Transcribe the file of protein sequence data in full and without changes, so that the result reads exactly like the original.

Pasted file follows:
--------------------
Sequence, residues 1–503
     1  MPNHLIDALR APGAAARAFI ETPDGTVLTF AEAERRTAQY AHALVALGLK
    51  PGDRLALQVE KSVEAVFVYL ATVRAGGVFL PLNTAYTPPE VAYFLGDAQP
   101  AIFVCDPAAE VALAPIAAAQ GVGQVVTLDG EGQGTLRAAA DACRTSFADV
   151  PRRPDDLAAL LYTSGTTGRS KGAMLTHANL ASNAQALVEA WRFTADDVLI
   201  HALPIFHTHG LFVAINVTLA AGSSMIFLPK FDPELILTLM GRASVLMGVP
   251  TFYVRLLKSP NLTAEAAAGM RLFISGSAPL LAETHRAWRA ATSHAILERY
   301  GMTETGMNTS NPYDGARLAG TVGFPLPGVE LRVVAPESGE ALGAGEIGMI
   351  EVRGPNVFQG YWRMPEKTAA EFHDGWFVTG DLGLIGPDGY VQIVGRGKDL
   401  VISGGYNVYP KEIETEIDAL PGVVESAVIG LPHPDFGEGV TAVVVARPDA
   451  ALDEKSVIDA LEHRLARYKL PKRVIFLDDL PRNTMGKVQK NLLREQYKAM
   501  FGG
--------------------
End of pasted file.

Sequence, residues 1–503
     1  MPNHLIDALR APGAAARAFI ETPDGTVLTF AEAERRTAQY AHALVALGLK
    51  PGDRLALQVE KSVEAVFVYL ATVRAGGVFL PLNTAYTPPE VAYFLGDAQP
   101  AIFVCDPAAE VALAPIAAAQ GVGQVVTLDG EGQGTLRAAA DACRTSFADV
   151  PRRPDDLAAL LYTSGTTGRS KGAMLTHANL ASNAQALVEA WRFTADDVLI
   201  HALPIFHTHG LFVAINVTLA AGSSMIFLPK FDPELILTLM GRASVLMGVP
   251  TFYVRLLKSP NLTAEAAAGM RLFISGSAPL LAETHRAWRA ATSHAILERY
   301  GMTETGMNTS NPYDGARLAG TVGFPLPGVE LRVVAPESGE ALGAGEIGMI
   351  EVRGPNVFQG YWRMPEKTAA EFHDGWFVTG DLGLIGPDGY VQIVGRGKDL
   401  VISGGYNVYP KEIETEIDAL PGVVESAVIG LPHPDFGEGV TAVVVARPDA
   451  ALDEKSVIDA LEHRLARYKL PKRVIFLDDL PRNTMGKVQK NLLREQYKAM
   501  FGG